His replacement, though, is a curious one at first glance. Carrizales is the current Housing Minister, or rather, “Minister for Popular Power for Housing and Habitats” (I kid you not). Even though public housing construction picked up last year, it did not accomplish the goals the government set out for itself. By any objective standard, Carizales’s tenure at the Housing Ministry was a failure, doing very little to solve Venezuela’s severe housing deficit. He is also weirdly unknown, a guy with a relatively low profile until now.
However, Carrizales’ previous position was not as much of a failure: he was the Infrastructure Minister in charge of finishing the new La Guaira Highway bridge on time and overseeing the massive new stadiums built for the Copa América. In terms of public infrastructure, those constitute some of the government’s few relative successes.
Chávez words yesterday reveal what’s behind some of these changes. He said that they couldn’t let themselves be portrayed as extremists because they are not extremists. He talked about forging alliances with the middle class and even with the oligarchs. He said they were wrong in trying to eliminate private property, because this has failed the world over. Yes, I too choked on my dulce de lechoza when I read all this.
He talked about relaunching relations with the government’s allies. He talked about the need to be more pragmatic and less ideological, saying that if the front of his house was covered by garbage, he, too, would protest, shut down streets and consider ideological discussions superfluous.
In other words, Chavez is hinting his goals for the year are to provide a sensible government that takes care of people’s needs instead of forcing ideology down people’s throats, Haiman El-Troudi notwithstanding. As a sign of this new approach, he passed a law at the beginning of the year granting amnesty to some of the political prisoners and politicians being prosecuted, a list that included names such as Cecilia Sosa, Leopoldo López, Maria Corina Machado and the Táchira prisoners, to the great annoyance of many of his most radical supporters.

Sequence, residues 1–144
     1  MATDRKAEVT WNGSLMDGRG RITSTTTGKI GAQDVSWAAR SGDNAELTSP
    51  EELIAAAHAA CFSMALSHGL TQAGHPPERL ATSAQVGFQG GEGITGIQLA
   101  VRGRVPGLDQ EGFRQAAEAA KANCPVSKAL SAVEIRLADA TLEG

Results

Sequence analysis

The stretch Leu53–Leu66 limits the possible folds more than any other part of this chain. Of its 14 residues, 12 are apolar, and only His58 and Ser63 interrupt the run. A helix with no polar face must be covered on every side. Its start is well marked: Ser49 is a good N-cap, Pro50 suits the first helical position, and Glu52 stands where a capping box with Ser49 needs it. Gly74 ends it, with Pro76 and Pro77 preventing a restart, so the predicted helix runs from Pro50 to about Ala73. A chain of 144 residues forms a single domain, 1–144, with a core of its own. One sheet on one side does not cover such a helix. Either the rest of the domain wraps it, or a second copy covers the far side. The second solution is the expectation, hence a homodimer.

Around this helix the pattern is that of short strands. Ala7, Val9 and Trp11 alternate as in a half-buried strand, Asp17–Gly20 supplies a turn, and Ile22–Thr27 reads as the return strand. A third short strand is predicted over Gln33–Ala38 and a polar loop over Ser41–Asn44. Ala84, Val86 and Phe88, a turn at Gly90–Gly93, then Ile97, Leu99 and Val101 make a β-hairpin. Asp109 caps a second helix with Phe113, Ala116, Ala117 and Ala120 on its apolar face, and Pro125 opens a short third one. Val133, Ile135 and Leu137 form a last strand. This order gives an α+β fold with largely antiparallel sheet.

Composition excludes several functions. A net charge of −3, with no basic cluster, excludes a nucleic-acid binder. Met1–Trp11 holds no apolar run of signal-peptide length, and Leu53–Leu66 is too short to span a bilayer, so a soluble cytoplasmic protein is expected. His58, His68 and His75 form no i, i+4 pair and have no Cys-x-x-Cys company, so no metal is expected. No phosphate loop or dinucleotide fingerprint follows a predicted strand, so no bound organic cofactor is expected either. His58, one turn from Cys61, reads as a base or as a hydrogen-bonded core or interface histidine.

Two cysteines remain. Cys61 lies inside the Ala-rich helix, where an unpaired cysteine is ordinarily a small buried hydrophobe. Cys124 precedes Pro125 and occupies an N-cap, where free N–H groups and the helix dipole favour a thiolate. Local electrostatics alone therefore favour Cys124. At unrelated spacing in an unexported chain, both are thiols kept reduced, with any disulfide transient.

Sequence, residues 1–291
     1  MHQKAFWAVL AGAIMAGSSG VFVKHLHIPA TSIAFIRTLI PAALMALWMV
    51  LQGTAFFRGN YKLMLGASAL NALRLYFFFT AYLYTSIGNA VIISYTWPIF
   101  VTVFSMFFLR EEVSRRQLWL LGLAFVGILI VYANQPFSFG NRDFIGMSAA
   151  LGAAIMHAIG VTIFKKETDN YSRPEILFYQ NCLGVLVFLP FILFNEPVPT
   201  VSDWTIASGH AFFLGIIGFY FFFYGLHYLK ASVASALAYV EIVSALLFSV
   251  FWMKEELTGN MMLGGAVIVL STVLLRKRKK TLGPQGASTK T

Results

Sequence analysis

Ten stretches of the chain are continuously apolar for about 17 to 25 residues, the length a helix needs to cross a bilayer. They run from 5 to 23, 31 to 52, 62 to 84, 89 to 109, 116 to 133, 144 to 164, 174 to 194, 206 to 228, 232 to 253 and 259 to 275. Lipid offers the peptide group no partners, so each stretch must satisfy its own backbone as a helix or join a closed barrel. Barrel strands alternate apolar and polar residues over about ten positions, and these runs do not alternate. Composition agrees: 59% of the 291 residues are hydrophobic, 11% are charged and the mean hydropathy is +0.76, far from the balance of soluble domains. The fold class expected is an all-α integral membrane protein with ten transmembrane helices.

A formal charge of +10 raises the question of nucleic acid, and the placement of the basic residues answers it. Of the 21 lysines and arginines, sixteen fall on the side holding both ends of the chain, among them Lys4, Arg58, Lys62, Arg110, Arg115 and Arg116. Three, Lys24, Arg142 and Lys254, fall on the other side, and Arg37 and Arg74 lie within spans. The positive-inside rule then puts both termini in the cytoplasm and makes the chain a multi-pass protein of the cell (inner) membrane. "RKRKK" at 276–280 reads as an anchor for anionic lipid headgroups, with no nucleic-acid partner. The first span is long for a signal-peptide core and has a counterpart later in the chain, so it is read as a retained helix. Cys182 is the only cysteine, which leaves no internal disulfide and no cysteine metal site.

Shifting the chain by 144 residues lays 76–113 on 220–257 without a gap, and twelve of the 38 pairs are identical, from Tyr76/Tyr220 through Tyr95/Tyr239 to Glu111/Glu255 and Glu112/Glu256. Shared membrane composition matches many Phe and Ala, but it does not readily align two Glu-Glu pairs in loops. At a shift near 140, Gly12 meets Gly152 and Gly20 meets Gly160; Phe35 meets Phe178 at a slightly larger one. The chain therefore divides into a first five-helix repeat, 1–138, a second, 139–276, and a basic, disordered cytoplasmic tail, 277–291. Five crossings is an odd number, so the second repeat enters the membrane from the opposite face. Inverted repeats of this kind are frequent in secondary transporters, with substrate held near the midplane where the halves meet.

Chávez may or may not be honest about this conversion, but that is beside the point. With his stunning defeat of last December and the series of very public embarassments in foreign affairs, with scarcity, inflation, people’s annoyance at the new official time and the new currency, he had to change something. The big question is whether he can pull this transformation off and deliver “efficiency minus ideology” in time for the Regional elections in October.
His initial, narcissistic tirade as a reaction to defeat surely didn’t win him favors with moderate supporters. The current moves are more mainstream, but serious questions remain. Let’s not forget that Chávez finds day-to-day issues such as “governance” and “delivering public goods” as appealing as root-canal. What he most enjoys is ideological confrontation, so it remains unlikely that he will be able to focus on practical matters for more than a week.
Venezuelans usually dance to a song on New Year’s Eve that talks about what the Old Year left us, things we are grateful for. The list of things includes “a goat, a black jenny, a white mare and a good mother-in-law.”
I always found the lyrics absurd, but at least they invite the listener to ponder the passage of time and the lessons it leaves them. Perhaps Chávez has reflected on the lessons from the last year and decided to change course.
If his “goat” is a realization that he needs to tone down the crazy talk, if his “black jenny” is a purpose to work efficiently, if his “white mare” is a desire to provide better public services and if his “good mother-in-law” is an honest pledge to talk less about ideology, then it will be a happy new year indeed.
But don’t count on it.